There are numerous possible applications for a simulation model that can simulate realistic biological measurement data. The most obvious application is the validation and improvement of data analysis algorithms [3, 4, 14]. In addition, different data extraction algorithms can effectively be tested under different noise conditions. If the biological ground truth model is accurate enough one might even be able to simulate entire microarray experiments. If this could be done before performing expensive laboratory experiments, the proposed hypotheses could be tested with simulated data. This could help in finding problems in the design of the experiment and, thus, potentially save significant amount of time and money.
While all the steps of the simulation process have been extensively studied separately [6, 7, 15–18], not much work has been done to combine all the steps. We propose a model that combines these steps and can be used to produce microarray data with realistic biological and statistical characteristics. The proposed model is modular and it can be easily extended to include new error models and even new measurement technologies. The current implementation supports the simulation of spotted two-channel microarrays and oligonucleotide based single-channel microarrays. We have implemented the model in Matlab environment [see additional file 1]. The simulation model is also available for download at our companion web page [19].
Biologically meaningful input data can be obtained from various sources. We introduce some possibilities how this data can be obtained. We then review several previously published error models which model biological and measurement technology specific errors, and which can be used to add realistic statistical properties to the simulated data. The result data is used as a basis for simulating the production of the microarray slides. After that, we discuss about the final step in obtaining realistic measurement data: the extraction of the gene expressions from the slide. Finally we demonstrate the applications of the proposed model by examples.
Generation of the ground truth data
Depending on the application, the requirements for the ground truth data may vary. A typical microarray experiment includes comparison of different classes of samples, measuring a response to a perturbation, or measuring time series behavior. Validation of the data analysis methods developed for each of these applications sets different requirements for the ground truth data.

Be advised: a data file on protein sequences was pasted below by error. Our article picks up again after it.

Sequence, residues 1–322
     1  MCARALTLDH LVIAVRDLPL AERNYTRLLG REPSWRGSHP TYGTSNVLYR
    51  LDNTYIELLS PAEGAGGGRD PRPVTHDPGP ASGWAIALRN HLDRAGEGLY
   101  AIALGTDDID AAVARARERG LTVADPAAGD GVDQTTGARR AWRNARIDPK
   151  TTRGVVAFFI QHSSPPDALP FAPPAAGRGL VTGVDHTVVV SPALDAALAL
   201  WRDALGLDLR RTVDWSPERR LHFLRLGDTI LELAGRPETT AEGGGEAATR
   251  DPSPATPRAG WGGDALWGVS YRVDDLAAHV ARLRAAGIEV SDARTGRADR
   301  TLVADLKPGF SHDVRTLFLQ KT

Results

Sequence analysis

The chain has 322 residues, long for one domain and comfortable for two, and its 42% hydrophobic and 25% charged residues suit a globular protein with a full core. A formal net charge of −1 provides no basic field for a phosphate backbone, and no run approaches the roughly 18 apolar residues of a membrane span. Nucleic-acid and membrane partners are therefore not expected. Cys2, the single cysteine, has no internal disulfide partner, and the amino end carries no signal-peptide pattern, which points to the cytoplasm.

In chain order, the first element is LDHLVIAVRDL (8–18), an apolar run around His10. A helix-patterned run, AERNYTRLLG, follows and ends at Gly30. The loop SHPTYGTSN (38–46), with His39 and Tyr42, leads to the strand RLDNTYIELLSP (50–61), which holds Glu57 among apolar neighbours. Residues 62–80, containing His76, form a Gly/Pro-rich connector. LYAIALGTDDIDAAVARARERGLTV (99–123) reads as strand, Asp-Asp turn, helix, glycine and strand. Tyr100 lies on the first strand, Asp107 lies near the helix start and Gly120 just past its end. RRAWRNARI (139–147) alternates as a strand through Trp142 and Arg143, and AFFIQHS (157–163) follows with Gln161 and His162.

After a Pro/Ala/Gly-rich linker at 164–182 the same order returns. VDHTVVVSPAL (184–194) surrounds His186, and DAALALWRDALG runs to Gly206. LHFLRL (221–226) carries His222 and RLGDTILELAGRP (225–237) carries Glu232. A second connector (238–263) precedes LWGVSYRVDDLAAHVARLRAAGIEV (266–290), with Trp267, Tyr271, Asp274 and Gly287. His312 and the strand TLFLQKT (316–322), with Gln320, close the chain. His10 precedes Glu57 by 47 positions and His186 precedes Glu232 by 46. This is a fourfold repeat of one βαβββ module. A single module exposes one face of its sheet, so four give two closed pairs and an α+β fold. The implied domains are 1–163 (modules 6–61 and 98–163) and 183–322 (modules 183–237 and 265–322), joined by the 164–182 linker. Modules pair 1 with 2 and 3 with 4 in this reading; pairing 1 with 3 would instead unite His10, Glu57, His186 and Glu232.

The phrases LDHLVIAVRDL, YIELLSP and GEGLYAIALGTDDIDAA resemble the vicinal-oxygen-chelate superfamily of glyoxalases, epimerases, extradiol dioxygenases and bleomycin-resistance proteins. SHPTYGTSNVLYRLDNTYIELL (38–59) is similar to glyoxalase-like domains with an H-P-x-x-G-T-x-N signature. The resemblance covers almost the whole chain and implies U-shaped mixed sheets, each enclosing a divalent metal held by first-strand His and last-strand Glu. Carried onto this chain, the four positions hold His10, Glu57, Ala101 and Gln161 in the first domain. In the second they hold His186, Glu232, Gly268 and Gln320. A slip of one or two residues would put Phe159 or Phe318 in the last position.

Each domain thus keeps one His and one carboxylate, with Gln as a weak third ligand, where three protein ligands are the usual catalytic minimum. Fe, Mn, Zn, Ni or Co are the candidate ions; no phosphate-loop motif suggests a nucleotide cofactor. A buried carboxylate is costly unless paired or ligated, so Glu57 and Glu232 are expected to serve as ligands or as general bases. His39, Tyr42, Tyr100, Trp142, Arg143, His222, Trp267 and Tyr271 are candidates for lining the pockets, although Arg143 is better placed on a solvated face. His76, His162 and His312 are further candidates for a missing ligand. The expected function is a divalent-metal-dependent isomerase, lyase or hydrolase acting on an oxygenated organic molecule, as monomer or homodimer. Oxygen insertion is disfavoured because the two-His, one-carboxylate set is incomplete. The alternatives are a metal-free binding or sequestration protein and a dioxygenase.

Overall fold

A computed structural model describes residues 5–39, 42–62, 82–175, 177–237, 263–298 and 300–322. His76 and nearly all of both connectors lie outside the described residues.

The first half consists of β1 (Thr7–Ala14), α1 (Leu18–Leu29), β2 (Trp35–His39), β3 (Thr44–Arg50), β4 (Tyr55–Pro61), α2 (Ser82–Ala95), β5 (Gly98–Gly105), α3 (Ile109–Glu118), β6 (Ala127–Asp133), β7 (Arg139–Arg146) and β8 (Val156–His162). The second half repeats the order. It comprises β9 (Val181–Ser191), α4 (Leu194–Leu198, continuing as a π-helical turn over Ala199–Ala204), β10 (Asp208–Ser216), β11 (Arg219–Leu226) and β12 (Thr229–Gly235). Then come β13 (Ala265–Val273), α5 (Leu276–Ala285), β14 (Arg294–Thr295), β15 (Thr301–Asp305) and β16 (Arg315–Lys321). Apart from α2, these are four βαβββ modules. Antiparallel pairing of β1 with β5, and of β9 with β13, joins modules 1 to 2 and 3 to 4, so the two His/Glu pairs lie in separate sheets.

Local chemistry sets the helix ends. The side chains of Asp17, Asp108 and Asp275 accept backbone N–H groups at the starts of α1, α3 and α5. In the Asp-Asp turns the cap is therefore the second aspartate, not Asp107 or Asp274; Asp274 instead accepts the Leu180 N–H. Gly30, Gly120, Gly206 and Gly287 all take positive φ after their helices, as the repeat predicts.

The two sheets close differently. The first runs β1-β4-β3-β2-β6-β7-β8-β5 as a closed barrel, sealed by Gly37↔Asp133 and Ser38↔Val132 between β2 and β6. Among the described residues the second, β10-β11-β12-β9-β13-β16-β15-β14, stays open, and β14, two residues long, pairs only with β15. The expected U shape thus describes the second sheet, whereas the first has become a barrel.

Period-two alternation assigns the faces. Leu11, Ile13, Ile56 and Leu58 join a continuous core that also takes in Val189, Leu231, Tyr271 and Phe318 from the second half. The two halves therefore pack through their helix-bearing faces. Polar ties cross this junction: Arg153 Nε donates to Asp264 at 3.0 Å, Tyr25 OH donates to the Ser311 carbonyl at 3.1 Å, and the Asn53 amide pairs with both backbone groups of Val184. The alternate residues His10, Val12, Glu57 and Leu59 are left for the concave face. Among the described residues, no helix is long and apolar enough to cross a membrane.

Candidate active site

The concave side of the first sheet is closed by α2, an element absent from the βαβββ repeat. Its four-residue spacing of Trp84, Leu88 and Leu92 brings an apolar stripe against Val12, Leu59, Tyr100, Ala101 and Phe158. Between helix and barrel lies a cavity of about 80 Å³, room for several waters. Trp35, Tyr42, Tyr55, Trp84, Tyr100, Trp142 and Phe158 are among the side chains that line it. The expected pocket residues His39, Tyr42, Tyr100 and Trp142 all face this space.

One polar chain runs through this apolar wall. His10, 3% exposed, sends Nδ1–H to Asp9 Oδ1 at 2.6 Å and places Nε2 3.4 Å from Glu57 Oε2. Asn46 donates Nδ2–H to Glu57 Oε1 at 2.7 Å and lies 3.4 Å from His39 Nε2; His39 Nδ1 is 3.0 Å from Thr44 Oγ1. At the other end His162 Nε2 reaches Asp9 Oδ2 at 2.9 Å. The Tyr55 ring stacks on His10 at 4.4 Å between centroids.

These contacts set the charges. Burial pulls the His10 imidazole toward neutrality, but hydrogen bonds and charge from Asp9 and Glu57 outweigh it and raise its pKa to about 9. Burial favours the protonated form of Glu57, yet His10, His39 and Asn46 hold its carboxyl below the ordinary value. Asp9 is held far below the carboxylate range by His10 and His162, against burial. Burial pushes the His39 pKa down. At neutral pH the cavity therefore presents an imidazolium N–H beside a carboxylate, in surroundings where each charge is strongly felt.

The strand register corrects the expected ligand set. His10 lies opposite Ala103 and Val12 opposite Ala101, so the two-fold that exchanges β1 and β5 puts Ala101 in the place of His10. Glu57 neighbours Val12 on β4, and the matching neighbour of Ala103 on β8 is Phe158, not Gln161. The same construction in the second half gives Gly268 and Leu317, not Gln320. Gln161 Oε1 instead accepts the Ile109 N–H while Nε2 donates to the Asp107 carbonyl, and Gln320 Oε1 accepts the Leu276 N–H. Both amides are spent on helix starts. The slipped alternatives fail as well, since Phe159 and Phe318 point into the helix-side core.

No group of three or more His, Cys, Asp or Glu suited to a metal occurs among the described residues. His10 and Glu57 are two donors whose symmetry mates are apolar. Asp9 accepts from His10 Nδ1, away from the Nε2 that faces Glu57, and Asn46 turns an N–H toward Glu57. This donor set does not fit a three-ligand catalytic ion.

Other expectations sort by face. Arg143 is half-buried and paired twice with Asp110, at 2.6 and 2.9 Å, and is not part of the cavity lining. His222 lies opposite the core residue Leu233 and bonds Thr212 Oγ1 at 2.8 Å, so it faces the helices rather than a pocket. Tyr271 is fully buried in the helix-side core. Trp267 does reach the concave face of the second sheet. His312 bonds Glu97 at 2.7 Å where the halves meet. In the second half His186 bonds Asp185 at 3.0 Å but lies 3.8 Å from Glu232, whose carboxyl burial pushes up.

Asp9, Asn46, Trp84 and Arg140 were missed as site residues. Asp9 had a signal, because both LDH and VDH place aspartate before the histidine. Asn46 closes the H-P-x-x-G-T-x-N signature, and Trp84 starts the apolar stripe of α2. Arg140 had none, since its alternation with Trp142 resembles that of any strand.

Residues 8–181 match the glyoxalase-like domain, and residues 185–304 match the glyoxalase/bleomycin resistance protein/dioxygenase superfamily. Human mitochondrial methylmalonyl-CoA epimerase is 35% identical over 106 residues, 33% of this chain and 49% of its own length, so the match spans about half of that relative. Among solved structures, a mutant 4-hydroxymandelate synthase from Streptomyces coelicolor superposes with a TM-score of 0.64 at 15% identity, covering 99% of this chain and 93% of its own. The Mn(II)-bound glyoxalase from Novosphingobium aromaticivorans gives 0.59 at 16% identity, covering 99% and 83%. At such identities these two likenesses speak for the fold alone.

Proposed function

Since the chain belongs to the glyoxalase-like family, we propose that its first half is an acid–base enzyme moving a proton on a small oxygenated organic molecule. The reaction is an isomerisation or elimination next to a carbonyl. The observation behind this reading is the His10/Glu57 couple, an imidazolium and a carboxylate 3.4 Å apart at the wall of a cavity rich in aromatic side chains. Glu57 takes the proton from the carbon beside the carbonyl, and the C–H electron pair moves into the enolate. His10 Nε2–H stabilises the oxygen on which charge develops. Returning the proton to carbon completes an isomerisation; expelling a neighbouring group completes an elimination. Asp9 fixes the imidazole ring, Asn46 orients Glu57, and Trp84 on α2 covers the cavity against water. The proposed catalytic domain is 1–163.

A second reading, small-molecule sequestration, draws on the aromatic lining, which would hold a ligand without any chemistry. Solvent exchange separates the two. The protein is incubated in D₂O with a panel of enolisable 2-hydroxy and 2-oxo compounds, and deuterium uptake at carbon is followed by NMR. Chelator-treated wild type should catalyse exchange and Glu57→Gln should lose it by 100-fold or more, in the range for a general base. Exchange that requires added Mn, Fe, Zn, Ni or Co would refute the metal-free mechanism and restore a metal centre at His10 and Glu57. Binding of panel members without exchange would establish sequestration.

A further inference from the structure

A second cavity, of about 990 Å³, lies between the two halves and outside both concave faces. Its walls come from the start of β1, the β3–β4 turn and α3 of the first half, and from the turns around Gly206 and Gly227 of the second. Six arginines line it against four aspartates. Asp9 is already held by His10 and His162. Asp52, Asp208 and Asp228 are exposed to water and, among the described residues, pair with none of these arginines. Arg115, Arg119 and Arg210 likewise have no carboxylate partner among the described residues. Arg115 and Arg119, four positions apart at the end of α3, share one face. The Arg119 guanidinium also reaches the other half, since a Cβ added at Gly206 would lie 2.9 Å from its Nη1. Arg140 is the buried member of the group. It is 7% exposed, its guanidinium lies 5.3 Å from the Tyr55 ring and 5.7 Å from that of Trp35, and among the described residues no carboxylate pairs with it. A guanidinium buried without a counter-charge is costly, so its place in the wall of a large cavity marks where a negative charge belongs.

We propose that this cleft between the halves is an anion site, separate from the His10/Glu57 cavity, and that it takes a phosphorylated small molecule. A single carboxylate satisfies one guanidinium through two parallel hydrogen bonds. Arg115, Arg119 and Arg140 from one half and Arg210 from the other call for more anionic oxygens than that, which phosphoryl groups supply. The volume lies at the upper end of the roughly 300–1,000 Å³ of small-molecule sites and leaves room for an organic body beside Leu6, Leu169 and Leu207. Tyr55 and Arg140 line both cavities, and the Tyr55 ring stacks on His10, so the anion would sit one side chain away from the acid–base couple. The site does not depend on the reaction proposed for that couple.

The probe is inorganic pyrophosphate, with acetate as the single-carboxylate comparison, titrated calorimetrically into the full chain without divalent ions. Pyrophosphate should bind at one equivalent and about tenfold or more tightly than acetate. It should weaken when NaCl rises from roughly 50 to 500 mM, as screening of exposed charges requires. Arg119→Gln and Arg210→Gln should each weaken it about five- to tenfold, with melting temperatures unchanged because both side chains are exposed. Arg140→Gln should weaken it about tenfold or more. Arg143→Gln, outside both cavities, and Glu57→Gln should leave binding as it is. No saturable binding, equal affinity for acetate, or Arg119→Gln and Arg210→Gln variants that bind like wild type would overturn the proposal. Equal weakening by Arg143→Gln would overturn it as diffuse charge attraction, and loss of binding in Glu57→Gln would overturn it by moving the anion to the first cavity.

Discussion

The simplest approach to generate the ground truth data is to sample data randomly from a specific distribution. First the distribution and its parameters can be estimated from real measurements. Next the ground truth data can be obtained by sampling a simulated ideal distribution with estimated parameters [7, 15]. This approach can be adequate for several applications. The detection of differentially expressed genes is often based on the comparison of statistical properties of microarray data from two different samples, for example from two different cancer types. Therefore, the ground truth data suitable for validating data analysis methods can be obtained simply by sampling two distributions with different parameters.
If purpose of the data analysis is to study the behavior of the system in more detail, for example to study responses to perturbations, then biologically more detailed data can be generated. Because microarray technology measures gene expressions, the natural source for biological data would be a model of a genetic regulatory network (GRN). Unfortunately, GRNs are not generally known well enough so that they could be utilized in data simulation [20].
However, in some cases parts of the networks are known and even simulation models that include parts of the genetic regulatory mechanisms have been proposed [12, 17]. These kinds of models would be ideal for the generation of ground truth data. If a model is accurate enough, even hypotheses about the behavior of the real system could be tested before a real microarray experiment is done.
Generation of data with biologically meaningful characteristics does not require the modeling of real GRNs [18]. Instead one can use networks with random topology. If the interactions between network components are modeled properly, for example by utilizing interaction information from real GRNs, one could produce data with realistic characteristics [20].
Once the network model has been obtained and mathematical models for interactions have been formulated, the expression values of the genes in the network need to be simulated. There are several publicly available software packages that can be used to accomplish this task [21, 22].
Yet another application for microarray data is network inference, that is, learning the network structure and the interaction rules between the network components from time series or perturbation measurements.